San Francisco Public Utilities Commission  |  San Francisco, CA

Harry Tracy Water Treatment Plant

Long Term Improvements Project (11 MG Treated Water Reservoir)

Size of Facility
11 MGD
Treated Water Facility
Program Value
$4.8 BIL
Water System Improvement Program (WSIP)
Construction Value
$5.7 MIL
In Construction Cost

Water is the life blood of the Bay Area. We are much safer today as a result of this project.

— Dan Wade, WSIP Director

In 2002, recognizing the need for major upgrades to its aging water system, the San Francisco Public Utilities Commission (SFPUC) launched the $4.8 billion Water System Improvement Program (WSIP) to provide improvements necessary to meet level of service goals established for seismic and delivery reliability, water quality and water supply.

“… for 30 years, KJ has provided highly effective engineering, design, construction support, and start-up services to SFPUC, delivering several successfully completed projects for the SFPUC. This project was no exception.

— Dan Wade, WSIP Director

11 MG Treated Water Reservoir
The new 11 MG Treated Water Reservoir was designed using advanced civil and structural techniques to provide seismic and delivery reliability to San Francisco Bay Area residents.

Under the WSIP, the Harry Tracy Water Treatment Plant (HTWTP) Long Term Improvements Project (LTIP) was implemented to upgrade the existing plant to allow the plant to sustainably deliver a minimum of 140 million gallons per day (mgd) within 24 hours after a major earthquake. The HTWTP is situated less than 1,000 ft. away from the San Andreas Fault. Additionally, two previously unidentified traces of the lesser-known Serra Fault cross the HTWTP property.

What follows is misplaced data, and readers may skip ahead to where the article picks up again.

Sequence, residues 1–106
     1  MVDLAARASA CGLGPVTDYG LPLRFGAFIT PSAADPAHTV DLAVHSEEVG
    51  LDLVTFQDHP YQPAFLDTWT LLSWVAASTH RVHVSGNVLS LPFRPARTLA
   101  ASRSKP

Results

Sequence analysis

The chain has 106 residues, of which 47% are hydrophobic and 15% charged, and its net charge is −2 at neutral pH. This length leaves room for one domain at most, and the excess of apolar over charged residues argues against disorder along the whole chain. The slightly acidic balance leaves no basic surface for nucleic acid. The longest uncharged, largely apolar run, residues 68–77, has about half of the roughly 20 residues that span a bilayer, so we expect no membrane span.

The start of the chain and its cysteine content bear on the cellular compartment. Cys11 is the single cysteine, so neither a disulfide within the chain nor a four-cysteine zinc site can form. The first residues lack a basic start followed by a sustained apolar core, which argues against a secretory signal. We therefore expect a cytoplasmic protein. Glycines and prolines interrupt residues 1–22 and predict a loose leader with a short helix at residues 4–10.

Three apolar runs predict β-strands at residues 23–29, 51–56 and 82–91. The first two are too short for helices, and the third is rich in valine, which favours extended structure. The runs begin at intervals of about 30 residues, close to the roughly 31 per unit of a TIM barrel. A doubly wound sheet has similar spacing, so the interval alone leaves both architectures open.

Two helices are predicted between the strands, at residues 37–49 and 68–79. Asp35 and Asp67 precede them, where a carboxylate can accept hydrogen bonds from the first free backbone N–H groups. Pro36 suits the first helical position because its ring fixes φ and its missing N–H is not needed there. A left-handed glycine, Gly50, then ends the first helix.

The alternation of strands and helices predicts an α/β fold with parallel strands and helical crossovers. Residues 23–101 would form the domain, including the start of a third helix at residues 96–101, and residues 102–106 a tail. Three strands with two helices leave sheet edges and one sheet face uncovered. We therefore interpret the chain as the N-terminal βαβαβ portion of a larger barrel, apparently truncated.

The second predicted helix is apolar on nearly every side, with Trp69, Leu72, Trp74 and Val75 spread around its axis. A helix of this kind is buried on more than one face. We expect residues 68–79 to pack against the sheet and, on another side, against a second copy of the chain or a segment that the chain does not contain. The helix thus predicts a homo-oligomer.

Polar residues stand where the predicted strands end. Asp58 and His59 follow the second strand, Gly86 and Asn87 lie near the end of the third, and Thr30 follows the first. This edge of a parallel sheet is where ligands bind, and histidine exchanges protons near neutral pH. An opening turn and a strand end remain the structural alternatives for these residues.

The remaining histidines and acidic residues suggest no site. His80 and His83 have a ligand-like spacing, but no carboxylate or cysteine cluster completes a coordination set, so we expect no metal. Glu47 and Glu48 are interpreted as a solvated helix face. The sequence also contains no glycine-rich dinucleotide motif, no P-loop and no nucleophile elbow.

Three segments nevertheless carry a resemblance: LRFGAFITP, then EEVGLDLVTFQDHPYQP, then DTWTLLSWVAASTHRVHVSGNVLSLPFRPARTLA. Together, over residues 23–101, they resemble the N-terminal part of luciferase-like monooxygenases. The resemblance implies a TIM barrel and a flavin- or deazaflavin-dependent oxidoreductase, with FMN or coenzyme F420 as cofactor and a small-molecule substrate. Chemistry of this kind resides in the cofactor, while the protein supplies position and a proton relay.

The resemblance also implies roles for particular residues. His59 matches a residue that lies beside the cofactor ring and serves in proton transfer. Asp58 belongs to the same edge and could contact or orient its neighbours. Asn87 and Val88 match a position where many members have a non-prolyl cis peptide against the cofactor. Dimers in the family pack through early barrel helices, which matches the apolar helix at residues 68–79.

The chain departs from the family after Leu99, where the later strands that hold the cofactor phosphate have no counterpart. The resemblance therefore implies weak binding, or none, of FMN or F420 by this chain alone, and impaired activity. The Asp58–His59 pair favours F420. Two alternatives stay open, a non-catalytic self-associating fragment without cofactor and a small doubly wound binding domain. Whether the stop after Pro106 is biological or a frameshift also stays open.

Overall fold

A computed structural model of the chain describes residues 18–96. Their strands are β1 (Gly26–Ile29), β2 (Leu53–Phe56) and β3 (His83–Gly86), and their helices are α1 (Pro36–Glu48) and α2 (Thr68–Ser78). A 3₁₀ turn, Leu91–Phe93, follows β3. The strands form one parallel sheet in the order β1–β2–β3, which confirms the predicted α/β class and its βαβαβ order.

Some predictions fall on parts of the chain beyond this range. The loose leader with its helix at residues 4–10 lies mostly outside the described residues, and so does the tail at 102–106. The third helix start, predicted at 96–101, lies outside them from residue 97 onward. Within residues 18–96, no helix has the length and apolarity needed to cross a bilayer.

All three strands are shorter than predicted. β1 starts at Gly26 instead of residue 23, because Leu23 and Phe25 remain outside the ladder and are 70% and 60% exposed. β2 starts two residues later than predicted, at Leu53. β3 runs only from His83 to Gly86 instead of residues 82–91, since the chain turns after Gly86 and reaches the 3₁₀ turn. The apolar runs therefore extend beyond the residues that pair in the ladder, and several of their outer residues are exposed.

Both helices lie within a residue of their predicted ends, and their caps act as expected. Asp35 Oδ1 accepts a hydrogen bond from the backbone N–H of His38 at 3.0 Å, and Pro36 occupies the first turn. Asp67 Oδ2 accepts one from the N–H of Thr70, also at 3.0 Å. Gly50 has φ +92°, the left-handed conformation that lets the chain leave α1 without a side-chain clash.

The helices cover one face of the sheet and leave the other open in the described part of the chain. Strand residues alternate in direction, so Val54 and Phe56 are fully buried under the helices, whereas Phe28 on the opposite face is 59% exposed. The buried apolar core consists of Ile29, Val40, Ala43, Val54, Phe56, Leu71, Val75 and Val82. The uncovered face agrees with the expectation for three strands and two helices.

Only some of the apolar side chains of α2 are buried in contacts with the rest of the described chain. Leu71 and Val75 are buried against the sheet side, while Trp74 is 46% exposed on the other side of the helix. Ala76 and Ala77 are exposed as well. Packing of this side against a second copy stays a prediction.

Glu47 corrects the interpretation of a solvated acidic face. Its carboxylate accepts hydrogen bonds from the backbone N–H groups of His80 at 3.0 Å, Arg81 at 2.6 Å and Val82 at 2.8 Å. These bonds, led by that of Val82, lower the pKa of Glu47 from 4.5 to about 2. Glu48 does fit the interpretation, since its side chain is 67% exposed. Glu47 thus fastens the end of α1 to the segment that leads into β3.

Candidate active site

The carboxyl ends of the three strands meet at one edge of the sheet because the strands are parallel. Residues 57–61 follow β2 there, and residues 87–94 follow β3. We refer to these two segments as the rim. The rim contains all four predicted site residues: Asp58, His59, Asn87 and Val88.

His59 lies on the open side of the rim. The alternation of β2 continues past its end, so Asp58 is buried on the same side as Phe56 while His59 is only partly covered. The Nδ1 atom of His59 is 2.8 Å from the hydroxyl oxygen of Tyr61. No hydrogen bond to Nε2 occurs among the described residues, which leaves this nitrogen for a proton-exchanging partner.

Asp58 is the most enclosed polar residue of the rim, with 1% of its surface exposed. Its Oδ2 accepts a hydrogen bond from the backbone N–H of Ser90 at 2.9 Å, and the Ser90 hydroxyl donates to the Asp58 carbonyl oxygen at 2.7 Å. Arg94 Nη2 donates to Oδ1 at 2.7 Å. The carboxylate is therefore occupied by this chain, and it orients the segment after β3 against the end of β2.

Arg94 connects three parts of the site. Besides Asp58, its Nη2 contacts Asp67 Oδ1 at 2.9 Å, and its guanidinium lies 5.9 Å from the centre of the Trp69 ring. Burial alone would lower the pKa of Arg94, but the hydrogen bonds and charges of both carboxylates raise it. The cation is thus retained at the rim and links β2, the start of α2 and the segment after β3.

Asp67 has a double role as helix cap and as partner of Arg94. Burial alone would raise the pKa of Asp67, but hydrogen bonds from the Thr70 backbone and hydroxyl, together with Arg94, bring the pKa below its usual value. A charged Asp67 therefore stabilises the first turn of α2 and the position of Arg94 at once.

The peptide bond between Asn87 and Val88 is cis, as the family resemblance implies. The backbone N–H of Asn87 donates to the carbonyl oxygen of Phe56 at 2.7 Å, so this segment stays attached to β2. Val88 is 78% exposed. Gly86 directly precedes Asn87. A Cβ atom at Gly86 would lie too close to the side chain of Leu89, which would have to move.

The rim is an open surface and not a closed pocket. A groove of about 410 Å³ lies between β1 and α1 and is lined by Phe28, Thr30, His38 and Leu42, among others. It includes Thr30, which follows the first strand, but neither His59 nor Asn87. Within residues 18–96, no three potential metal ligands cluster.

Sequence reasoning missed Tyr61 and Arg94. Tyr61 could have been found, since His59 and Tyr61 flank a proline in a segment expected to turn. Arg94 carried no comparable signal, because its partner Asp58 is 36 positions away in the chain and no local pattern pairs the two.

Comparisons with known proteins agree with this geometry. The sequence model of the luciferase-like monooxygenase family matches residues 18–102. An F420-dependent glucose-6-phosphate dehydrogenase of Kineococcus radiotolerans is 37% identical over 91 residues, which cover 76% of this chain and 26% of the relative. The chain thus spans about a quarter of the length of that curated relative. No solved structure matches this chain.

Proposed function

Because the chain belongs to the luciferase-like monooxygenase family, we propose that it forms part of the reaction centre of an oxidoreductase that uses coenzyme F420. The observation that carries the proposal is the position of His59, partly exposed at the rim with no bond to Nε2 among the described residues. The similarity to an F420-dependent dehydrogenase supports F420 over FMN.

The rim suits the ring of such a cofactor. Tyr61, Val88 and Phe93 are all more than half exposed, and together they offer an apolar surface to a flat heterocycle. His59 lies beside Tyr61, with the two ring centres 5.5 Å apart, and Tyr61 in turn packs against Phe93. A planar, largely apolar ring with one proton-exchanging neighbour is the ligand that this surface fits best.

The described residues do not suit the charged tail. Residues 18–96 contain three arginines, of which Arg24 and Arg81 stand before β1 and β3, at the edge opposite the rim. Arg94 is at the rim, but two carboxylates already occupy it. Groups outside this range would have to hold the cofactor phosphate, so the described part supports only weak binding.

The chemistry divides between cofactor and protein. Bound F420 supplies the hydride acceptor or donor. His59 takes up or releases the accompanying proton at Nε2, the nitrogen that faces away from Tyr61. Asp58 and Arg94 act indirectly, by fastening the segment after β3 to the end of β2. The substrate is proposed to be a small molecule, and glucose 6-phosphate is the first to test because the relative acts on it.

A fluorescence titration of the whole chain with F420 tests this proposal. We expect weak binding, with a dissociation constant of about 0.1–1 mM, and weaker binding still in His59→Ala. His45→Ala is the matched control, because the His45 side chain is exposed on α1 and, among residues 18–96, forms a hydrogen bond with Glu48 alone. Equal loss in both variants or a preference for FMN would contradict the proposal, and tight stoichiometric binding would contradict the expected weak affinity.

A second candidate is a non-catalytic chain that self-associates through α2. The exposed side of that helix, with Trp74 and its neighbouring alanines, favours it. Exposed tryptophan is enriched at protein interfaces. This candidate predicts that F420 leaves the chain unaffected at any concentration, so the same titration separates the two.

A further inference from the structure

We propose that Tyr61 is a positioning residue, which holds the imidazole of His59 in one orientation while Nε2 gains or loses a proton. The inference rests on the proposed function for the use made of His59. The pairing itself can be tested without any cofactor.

In 2008, SFPUC retained KJ to provide predesign, design, and construction phase services for a new 11 million gallon (MG) Treated Water Reservoir (TWR) to resist high vertical and lateral seismic forces, as part of the HTWTP LTIP.

Unique Combination of Advanced Civil and Structural Engineering Techniques

The design of the new 11 MG TWR developed by KJ for the HTWTP site represents a unique combination of advanced civil and structural engineering techniques that when combined create a feasible site for the reservoir, which requires high seismic and delivery reliability. The challenges at the site included its close proximity to the San Andreas Fault and fault strands from the Serra Fault, as well as a steep hillside that required extensive cut and fill to create a suitable foundation pad for the reservoir. These challenges resulted in solutions such as soil nail and mechanically stabilized earth walls, a pile-supported foundation, and a prestressed tank designed with anchored flexible and seismic cable connections. This combination of solutions was developed to provide a stable and seismically robust design for this critical facility.

Solutions to Improve Water Reliability

High seismic design criteria are required for the TWR
High seismic design criteria are required for the TWR design due to the proximity of the San Andreas Fault located less than 1,000 ft. away from the HTWTP site and recently discovered traces of the Serra Fault that cross the property.

The design and construction of the new TWR at the HTWTP represents a substantial improvement in the reliability of the water system for millions of people in the San Francisco Bay Area. The combination of structural techniques utilized in the design of the TWR allowed the project to proceed in a high seismic risk area near the San Andreas Fault, making such projects more feasible for future engineers. Since its construction, this project has been toured by neighboring agencies facing similar challenges to provide reliable water storage and delivery facilities in areas of high seismic risk. In addition, the advanced structural engineering technologies and the resulting design that meets the higher level of service goals that require sustainable delivery of a minimum of 140 mgd within 24 hours after a major earthquake has greatly enhanced the public perception of the water system as a reliable resource in a post-seismic environment.

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